# Electric Potential, Capacitance and charge of a Geiger Counter

• inevitable08
In summary, the problem at hand is to find the potential difference, capacitance, and charge on the anode of a Geiger Counter. The Geiger Counter contains low-pressure neon and works by ionizing neon atoms with the collision of alpha particles or electrons. This creates a cascade of free electrons that travel towards the anode, which has a high potential compared to the cathode. We are given the diameter of the cathode and anode, length of the Geiger Counter, radius of neon atoms, energy required to ionize neon, and pressure and density of the gas in the Geiger Counter. Using Gauss Law and the Mean-Free Path equation, we can find the electric field inside the Geiger Counter. By using the energy
inevitable08

## Homework Statement

Find the potential difference, capacitance of the Geiger Counter and the charge on the anode.
So, we have a Geiger Counter with low-pressurized neon inside. What we want is to have an alpha particle or electron to travel into the Geiger Counter with enough energy to collide with a neon atom and ionize it. then we will cause that free electron to accelerate through the potential difference in the G.C. to collide with another neon atom and again ionize that atom. Basically we are going to have a cascade of free electrons traveling towards the anode. The inner wire, anode, is at a high potential while the outer cylinder (cathode) is at a lower potential.

Variables we know.
diameter of cathode: 15mm = 15 x10^-3 m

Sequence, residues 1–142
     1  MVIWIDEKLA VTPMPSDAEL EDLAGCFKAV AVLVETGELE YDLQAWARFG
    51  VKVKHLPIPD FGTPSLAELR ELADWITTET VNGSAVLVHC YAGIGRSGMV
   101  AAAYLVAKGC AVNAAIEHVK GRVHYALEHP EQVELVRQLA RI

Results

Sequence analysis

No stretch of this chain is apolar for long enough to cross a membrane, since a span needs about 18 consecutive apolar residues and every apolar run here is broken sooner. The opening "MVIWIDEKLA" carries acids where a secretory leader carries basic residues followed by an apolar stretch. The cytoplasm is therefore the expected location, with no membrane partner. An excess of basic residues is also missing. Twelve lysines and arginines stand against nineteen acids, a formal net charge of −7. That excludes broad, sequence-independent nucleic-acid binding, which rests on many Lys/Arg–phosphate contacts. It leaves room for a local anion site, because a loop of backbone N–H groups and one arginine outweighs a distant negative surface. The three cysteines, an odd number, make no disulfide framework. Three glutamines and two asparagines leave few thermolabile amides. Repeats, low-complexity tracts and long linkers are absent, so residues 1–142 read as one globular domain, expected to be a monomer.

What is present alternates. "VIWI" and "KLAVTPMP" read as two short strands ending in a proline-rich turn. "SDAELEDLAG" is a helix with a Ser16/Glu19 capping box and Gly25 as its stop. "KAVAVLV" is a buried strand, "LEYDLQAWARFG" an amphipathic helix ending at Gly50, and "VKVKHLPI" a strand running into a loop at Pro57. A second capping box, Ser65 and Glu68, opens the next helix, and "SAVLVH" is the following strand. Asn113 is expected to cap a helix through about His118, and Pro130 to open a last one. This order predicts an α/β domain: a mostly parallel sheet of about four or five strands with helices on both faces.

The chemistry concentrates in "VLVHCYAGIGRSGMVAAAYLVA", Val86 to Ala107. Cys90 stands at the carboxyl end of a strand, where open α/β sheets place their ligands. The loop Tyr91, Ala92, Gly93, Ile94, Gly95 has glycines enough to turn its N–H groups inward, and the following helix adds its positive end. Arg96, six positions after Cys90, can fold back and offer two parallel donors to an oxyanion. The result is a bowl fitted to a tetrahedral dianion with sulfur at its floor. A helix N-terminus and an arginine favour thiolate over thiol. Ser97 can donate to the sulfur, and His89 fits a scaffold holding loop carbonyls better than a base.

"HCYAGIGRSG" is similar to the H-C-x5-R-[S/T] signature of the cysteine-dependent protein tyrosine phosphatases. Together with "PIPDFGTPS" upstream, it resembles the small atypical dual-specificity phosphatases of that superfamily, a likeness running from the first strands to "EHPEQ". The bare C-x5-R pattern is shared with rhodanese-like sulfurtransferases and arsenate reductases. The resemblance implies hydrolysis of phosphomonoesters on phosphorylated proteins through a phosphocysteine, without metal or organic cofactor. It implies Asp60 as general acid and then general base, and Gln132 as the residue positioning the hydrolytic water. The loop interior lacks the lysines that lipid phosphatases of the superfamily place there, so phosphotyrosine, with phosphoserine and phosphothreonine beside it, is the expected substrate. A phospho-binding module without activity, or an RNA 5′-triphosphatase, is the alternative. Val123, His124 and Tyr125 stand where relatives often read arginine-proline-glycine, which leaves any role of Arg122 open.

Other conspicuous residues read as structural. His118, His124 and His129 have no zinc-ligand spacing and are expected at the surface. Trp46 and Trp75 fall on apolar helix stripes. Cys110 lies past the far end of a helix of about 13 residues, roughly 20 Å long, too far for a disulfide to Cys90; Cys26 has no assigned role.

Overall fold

diameter of anode: 1mm = 1x10^-3 m
length of Geiger Counter: 40mm = 40x10^-3 m
radius of neon atom = 154 pm = 154 x10^-10m
energy to 1st ionize neon = 2080.7 kJ/mol
pressure in G.C. = 75 torr which equals 8.1x10^-3 kg/m^3 density

## Homework Equations

Gauss Law : E.A = q/εo
-∫E dr = ΔV
Mean-Free Path = 1/(pi*r^2*n_v)

## The Attempt at a Solution

Ok so we need to find how much joules it takes to ionize neon.
2080.7 kJ/mol = 1.04x10^-2 eV
1 eV = 1.602x10^-19 J
2080.7 kJ/mol * 1.04x10^-2 eV * 1.602x10^-19 J = 3.466 x 10^-18 J

next we find the atom/volume density of neon in the G.C.

8.1x10^-3 kg/m^3 * 1000g/kg * 1 mole/20.1797g * 6.02x10^23 atoms/mole = 2.416x10^23 atoms/m^3

this will be out number density n_v.

next we will find the distance the electron travels before it becomes in contact with a neon atom:

Mean-Free PAth = 1/(pi*r^2*n_v) r is the radius of the neon atom

1/(pi* (154 x10^-10m)^2 * 2.416x10^23 atoms/m^3) = 5.55x10^-9 m
so an electron will on average travel that distance before it becomes in contact with another neon atom.

Now let's find the electric field inside the G.C.
Well the cathode is a thin cylindrical shell so it produces no electric field inside the G.C. The wire produces a E though...
E.A = q/εo
Surface area of the wire is the derivative of the volume of a cylinder... 2*pi*r*L

E (2*pi*r*L) = q/εo
E = Q/(2*pi*r*L*εo)

now let's find the potential from the anode to the cathode (r --> R)

-∫Q/(2*pi*r*L*εo) dr
-Q/(2*pi*L*εo)∫ 1/r dr
-Q/(2*pi*L*εo)( ln(R) - ln(r) )

-Q/(2*pi*L*εo)*ln(R/r)